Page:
I have never been to the city of San Diego, much less attended the increasingly well-known “nerd prom” known as San Diego Comic-Con. Honestly, it’s gotten large and crowded enough that I personally don’t know that I’d like to go now, but I still get a minor twinge every year when I see and hear about people’s fantastic trips there. It’s not really the show itself that I feel bad about missing, but the opportunity to meet up with so many people I know in/around/because of the industry. That’s ultimately what fandom is about, after all: being part of a community that likes and appreciates similar things.

Despite missing San Diego, I have attended several conventions this year already. I’m going to another small-ish one this weekend, and I’m trying to plan for a couple of significant out-of-town ones later in the year. Plus I’ve gone to several signings and talks, and I don’t doubt that I’ll attend many more. And at the majority of all these, I will take some time to meet with people I know. Friends and colleagues who share similar passions to my own.

A number of people have noted the relatively recent proliferation of pop culture conventions across the United States. Wizard World alone has gone from just a few cons in 2009 to having one almost every other weekend in 2015. I had friends start skipping local shows back in April and May because they had already gotten exhausted from hitting so many of them this year. This is a significant change from as little as a decade ago when conventions were few and far between.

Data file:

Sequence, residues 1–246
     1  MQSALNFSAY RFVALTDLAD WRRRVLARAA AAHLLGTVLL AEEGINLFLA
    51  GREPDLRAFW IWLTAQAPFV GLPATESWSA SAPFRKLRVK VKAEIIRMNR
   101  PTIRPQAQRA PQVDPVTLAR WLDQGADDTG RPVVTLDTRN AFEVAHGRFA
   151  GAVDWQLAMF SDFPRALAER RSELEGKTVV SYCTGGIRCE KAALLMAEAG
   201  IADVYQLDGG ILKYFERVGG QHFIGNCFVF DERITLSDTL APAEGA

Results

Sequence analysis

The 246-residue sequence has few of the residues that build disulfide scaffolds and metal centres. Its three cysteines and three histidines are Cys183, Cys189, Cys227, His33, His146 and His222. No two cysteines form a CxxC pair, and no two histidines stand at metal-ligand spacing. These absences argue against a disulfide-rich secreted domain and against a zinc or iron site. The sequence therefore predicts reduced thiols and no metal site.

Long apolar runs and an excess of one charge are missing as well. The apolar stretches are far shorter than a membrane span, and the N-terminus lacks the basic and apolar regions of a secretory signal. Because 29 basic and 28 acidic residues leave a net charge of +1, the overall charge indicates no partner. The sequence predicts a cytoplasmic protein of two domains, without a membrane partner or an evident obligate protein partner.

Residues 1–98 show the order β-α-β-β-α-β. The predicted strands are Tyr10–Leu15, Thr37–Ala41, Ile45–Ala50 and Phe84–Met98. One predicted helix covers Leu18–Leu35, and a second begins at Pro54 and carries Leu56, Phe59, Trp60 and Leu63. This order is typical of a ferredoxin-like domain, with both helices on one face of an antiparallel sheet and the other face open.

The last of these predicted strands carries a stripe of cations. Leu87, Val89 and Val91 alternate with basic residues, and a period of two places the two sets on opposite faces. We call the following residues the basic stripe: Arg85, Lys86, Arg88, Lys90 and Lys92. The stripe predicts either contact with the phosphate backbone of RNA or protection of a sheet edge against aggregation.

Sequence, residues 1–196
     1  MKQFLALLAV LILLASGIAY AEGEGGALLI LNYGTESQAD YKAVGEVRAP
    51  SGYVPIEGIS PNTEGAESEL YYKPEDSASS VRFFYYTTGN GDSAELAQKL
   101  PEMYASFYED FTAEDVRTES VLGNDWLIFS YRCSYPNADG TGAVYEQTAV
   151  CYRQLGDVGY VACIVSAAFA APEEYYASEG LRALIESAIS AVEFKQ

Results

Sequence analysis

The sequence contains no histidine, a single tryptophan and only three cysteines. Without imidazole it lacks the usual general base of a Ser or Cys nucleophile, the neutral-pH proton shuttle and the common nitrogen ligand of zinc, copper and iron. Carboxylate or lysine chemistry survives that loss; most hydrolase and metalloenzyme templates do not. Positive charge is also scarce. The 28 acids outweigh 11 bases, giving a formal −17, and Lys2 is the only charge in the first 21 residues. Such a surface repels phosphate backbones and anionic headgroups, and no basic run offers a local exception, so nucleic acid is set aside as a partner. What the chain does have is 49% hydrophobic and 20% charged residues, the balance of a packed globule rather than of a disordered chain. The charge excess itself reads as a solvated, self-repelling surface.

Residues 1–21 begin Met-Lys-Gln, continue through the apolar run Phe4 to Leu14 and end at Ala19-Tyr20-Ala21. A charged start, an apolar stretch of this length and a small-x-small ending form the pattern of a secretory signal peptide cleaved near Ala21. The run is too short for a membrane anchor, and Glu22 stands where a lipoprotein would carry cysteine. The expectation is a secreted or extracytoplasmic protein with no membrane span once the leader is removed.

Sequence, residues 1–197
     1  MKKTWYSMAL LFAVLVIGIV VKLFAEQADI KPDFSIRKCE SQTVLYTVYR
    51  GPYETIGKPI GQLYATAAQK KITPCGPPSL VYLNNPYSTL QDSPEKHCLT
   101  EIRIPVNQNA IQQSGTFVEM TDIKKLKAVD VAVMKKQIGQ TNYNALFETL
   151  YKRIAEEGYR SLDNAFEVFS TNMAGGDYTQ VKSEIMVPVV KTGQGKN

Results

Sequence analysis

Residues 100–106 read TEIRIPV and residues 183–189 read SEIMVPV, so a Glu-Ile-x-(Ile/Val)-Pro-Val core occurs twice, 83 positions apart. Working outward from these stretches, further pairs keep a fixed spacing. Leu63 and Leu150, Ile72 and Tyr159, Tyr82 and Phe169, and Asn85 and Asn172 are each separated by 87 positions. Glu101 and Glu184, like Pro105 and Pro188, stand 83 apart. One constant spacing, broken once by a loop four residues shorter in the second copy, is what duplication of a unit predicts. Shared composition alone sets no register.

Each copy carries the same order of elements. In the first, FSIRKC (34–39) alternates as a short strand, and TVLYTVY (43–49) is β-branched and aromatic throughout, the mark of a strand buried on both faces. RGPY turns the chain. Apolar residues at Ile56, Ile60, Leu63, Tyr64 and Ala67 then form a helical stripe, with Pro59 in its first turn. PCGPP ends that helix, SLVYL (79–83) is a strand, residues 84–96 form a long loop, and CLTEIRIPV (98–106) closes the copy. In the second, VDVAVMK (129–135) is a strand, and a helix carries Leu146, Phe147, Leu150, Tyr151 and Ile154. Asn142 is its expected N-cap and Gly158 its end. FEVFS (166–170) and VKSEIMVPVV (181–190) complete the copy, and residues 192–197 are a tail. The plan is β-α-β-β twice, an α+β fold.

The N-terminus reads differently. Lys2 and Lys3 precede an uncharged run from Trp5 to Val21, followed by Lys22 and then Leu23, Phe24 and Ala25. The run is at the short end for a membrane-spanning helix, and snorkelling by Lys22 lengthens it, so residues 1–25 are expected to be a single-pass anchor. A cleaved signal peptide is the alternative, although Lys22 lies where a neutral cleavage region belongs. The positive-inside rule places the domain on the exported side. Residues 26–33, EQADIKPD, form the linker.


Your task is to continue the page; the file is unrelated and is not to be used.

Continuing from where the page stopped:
What that means is that people now have a greater ability to live their lives as fans. While fans have pretty much always had their fandom as a part of their identity, it was often held back in relative isolation. Fandom was something in which you would partake only in finite amounts. The term “GAFIA” is an acronym for “Getting Away From It All” and, though it’s not used much any more, originall referring to the notion of escaping the mundanity of life to spend some time absorbed in your fannishness. The convention environment provides a more socially acceptable venue for public displays of fannish interests—you don’t see many people walking around in cosplay outside of a con environment, for example—and their proliferation has helped bolster the notion that you do no longer have to use fandom as an escape from your regular life, but rather that fandom can in fact be your regular life.

That’s not to say that everyone can earn a living wage from fandom, but that people can be a fan as their primary identity. They are no longer an office worker who works on a fanzine in his/her spare time; they are a fanzine publisher who does some office work to pay the bills. Their role in life is not tied to their job, but to their passion. The rising prevelance of conventions certainly did not cause this type of shift, but it does help to enable it. So while this proliferation does decrease the significance of shows as a means to relay news and announcements, the experiences fans have at shows helps to focus their sense of self-identity on what they love instead of what their jobs force them to do.